My father sang in church choirs most of his life, and his favorite pieces were Handel’s Messiah and Beethoven’s Ninth. Once he sang in the chorus for the Dallas Opera production of Boris Godunov. Along with the Steinway baby grand he bought me when I was 15, which stands in my living room today, such was his contribution to classical music. He was an accountant for Mobil Oil, and spent the last three of his 29 years there as an office manager in Jeddah, Saudi Arabia. Having grown up dirt-poor on a farm in what is now a rather stylish section of Dallas, he landed at Omaha Beach three days after D-Day, and was a corporal in the 7th Armored Division under Patton at the Battle of the Bulge. He heard the gunfire of the massacre of American prisoners at Malmedy as he was frantically trying to fix a tire on his halftrack.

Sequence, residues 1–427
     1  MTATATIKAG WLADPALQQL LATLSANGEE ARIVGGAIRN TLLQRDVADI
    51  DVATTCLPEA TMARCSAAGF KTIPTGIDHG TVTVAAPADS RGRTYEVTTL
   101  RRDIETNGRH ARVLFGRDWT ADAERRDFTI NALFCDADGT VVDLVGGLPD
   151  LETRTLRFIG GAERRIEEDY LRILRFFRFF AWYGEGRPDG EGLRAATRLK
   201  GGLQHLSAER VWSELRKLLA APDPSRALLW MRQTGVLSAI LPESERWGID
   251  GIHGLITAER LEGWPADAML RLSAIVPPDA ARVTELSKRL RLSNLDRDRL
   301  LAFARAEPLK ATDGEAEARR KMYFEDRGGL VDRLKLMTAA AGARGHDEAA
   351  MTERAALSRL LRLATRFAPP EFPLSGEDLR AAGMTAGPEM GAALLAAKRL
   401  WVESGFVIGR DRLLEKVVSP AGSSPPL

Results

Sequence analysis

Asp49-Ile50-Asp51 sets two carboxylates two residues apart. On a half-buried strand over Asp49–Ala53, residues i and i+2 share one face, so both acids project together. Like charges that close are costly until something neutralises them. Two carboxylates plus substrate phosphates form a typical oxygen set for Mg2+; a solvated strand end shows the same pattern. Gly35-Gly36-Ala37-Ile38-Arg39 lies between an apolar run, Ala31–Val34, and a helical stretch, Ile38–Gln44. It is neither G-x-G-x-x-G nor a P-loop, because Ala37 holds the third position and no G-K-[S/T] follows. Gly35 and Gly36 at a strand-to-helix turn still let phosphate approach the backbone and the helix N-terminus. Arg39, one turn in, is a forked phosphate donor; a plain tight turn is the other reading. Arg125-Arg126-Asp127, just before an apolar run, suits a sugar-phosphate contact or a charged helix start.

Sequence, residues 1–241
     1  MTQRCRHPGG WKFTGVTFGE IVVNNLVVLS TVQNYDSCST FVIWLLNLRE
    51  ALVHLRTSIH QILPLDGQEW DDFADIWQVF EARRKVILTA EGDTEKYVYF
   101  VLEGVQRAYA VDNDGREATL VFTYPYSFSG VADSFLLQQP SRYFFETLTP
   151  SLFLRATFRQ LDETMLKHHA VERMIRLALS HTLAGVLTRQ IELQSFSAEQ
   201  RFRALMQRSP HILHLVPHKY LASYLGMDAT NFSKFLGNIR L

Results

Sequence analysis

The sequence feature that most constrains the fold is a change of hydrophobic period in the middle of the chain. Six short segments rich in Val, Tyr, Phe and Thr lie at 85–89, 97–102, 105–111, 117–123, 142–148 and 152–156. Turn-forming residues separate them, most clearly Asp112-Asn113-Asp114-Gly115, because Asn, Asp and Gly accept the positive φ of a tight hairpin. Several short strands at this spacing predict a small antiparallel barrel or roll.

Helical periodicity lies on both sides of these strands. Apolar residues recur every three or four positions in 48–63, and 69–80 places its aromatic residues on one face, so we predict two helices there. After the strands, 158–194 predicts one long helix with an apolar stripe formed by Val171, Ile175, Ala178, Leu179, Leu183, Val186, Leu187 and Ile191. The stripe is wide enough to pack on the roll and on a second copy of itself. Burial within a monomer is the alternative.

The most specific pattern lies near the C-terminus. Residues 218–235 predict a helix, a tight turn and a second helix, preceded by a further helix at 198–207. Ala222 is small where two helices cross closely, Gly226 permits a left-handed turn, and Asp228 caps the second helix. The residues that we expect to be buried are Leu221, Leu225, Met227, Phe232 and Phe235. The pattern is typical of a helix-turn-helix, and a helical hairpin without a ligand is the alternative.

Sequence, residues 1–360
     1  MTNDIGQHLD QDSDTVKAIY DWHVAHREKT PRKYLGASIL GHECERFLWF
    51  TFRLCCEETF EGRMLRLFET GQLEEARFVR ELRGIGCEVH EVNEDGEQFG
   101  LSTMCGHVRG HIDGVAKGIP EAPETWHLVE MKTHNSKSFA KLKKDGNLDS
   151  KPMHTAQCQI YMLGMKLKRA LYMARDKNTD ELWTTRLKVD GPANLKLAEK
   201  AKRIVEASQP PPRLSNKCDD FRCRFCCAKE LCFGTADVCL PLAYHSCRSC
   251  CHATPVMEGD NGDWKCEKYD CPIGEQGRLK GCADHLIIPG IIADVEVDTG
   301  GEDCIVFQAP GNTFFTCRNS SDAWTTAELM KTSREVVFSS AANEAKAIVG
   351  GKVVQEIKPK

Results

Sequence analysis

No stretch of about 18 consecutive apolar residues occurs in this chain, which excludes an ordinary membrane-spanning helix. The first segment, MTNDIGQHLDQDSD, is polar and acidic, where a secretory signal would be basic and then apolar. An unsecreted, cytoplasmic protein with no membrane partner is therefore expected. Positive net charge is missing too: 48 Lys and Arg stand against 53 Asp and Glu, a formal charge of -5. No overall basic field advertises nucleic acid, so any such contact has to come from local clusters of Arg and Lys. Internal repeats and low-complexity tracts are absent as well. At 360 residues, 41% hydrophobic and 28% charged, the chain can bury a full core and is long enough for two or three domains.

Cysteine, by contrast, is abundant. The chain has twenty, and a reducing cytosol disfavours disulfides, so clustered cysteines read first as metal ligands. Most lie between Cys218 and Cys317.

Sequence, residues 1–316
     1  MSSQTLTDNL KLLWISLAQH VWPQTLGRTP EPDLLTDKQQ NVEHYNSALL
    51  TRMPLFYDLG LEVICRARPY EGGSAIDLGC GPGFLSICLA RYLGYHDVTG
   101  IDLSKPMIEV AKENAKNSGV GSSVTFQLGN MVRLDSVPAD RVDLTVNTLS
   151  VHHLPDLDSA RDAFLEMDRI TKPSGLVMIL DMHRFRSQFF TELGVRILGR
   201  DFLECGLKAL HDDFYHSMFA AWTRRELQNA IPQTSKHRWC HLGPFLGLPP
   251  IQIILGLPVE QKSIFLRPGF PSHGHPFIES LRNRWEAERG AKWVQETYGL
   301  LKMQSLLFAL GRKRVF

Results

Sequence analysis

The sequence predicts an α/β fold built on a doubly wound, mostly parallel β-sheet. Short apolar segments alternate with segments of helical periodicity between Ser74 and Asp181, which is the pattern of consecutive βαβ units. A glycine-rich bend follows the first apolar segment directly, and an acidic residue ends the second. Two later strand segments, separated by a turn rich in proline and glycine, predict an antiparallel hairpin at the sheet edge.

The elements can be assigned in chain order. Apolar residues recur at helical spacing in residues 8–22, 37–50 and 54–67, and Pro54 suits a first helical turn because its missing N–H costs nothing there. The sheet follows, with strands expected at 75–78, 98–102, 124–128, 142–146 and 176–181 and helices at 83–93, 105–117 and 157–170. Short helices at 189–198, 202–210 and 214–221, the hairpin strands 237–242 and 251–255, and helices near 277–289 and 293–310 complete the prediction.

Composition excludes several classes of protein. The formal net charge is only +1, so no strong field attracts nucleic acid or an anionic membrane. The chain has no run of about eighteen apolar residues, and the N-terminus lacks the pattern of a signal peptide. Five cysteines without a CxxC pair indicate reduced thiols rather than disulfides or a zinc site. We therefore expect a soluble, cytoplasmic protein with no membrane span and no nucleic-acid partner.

Luckily – since I was stubborn – he attempted his paternal duty only once. In my last year of high school he warned me that to be a musician was a difficult and insecure life. What would I do about retirement?, he asked. As an artist, I replied, I had no wish to retire. It seemed to me, at 17, unwise to plan one’s entire life around retirement. But Dad eventually retired at the age of 57, and enjoyed his leisure for 23 wonderful years. On my side, I know that he sometimes hated going in to work – whereas I, in my often financially precarious adult life, have never once woken up and had to go do anything for a living that wasn’t music-related. The jury on who won that argument is still out. Meanwhile, my son’s middle name is Marvin.
Dad died Saturday, and we buried him Monday, in Frisco, Texas.